California Business & Professions Code
The people of the State of California do enact as follows:
SECTION 1. It is the intent of the Legislature in enacting this act to assure that
consumers of home inspection services can rely upon the competence of home inspectors.
It is the intent of the Legislature that, in ascertaining the degree of care that would be
exercised by a reasonably prudent home inspector pursuant to Section 7196 of the
Business and Professions Code, the court may consider the standards of practice and code
of ethics of the California Real Estate Inspection Association, the American Society of
Home Inspectors, or other nationally recognized professional home inspection
SECTION. 2. Chapter 9.3 (commencing with section 7195) is added to Division 3
of the Business and Professions Code, to read:
Chapter 9.3. HOME INSPECTORS
7195. For purposes of this chapter, the following definitions apply:
(a) (1)“Home inspection” is a noninvasive, physical examination, performed for a fee in
connection with a transfer, as defined in subdivision (e), of real property, of the
mechanical, electrical, or plumbing systems or the structural and essential components of
a residential dwelling of one to four units designed to identify material defects in those
systems, structures and components. “Home inspection” also includes any consultation
regarding the property that is represented to be a home inspection or any confusingly
(2) "Home inspection," if requested by the client, may include an inspection of energy efficiency. Energy efficiency items to be inspected may include the following:
(A) A noninvasive inspection of insulation R-values in attics, roofs, walls, floors, and ducts.
(B) The number of window glass panes and frame types.
(C) The heating and cooling equipment and water heating systems.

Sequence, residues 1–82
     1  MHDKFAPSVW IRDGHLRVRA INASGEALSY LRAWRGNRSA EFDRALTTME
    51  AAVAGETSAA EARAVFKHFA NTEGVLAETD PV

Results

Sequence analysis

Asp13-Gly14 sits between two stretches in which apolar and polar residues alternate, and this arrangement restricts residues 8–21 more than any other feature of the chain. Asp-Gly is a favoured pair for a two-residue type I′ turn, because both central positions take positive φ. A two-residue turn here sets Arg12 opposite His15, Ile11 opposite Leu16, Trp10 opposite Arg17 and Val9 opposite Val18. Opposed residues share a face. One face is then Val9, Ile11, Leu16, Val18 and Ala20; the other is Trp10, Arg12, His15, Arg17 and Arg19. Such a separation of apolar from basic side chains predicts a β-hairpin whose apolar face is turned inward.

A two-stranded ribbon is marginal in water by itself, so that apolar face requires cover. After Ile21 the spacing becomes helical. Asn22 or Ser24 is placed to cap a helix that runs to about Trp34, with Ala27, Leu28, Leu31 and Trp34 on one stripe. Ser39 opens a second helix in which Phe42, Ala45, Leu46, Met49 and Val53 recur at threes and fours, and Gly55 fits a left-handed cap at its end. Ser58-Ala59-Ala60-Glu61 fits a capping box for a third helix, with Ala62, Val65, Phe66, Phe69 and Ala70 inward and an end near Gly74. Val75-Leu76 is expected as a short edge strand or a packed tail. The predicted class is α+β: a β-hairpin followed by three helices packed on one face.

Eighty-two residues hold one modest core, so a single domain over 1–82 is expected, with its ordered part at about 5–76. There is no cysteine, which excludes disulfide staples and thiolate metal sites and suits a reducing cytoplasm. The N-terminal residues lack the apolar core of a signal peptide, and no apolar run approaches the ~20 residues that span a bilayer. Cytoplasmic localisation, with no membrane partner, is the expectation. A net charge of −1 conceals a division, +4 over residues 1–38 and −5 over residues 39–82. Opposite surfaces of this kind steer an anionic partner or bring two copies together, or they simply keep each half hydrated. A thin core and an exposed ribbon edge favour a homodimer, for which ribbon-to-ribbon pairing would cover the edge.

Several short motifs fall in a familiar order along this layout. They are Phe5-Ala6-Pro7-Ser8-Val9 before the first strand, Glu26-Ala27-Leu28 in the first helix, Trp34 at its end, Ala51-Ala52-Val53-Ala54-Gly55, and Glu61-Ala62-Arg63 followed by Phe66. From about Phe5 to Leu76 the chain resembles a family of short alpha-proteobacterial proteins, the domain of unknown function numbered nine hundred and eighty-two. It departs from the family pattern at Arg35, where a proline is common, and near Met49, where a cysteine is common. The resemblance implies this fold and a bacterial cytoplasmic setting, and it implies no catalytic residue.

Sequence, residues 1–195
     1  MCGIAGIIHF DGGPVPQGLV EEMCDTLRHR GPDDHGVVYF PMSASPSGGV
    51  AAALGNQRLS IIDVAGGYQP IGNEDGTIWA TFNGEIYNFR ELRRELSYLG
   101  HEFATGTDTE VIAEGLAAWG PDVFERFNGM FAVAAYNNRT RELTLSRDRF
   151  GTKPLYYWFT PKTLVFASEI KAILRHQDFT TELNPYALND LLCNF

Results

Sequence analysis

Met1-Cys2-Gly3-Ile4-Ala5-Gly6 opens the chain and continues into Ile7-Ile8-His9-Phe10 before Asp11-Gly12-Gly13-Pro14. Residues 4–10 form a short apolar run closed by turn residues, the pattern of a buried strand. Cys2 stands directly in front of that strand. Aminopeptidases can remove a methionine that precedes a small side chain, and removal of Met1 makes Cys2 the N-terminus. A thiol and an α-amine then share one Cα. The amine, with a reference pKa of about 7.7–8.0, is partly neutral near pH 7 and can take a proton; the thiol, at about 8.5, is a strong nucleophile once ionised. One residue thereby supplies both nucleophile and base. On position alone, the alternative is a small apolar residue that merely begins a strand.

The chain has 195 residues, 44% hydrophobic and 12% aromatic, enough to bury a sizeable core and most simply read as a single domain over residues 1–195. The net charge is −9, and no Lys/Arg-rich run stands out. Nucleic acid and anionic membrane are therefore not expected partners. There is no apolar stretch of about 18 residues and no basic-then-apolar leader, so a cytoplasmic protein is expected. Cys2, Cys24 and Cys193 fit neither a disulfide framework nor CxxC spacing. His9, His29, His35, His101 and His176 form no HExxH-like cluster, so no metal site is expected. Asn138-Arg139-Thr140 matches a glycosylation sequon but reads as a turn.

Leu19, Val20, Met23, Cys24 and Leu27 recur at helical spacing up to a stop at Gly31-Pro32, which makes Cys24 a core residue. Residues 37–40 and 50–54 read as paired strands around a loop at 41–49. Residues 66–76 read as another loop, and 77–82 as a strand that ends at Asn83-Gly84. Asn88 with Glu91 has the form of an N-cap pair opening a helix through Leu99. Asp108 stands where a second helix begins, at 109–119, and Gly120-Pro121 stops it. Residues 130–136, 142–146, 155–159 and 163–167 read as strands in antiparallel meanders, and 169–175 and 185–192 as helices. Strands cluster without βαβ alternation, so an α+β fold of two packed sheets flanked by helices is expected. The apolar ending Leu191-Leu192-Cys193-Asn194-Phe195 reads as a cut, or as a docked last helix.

(D) The age and fuel type of major appliances.
(E) The exhaust and cooling fans.
(F) The type of thermostat and other systems.
(G) The general integrity and potential leakage areas of walls, window areas, doors, and duct systems.
(H) The solar control efficiency of existing windows.
(b) A “material defect” is a condition that significantly affects the value, desirability,
habitability, or safety of the dwelling. Style or aesthetics shall not be considered in
determining whether a system, structure, or component is defective.
(c) A “home inspection report” is a written report prepared for a fee and issued after a
home inspection. The report clearly describes and identifies the inspected systems,
structures, or components of the dwelling, any material defects identified, and any
recommendations regarding the conditions observed or recommendations for evaluation
by appropriate persons.
(d) A “home inspector” is any individual who performs a home inspection.
(e) “Transfer” is a transfer by sale, exchange, installment land sale contract, as defined
in Section 2985 of the Civil Code, lease with an option to purchase, any other option to
purchase, or ground lease coupled with improvements, of real property or residential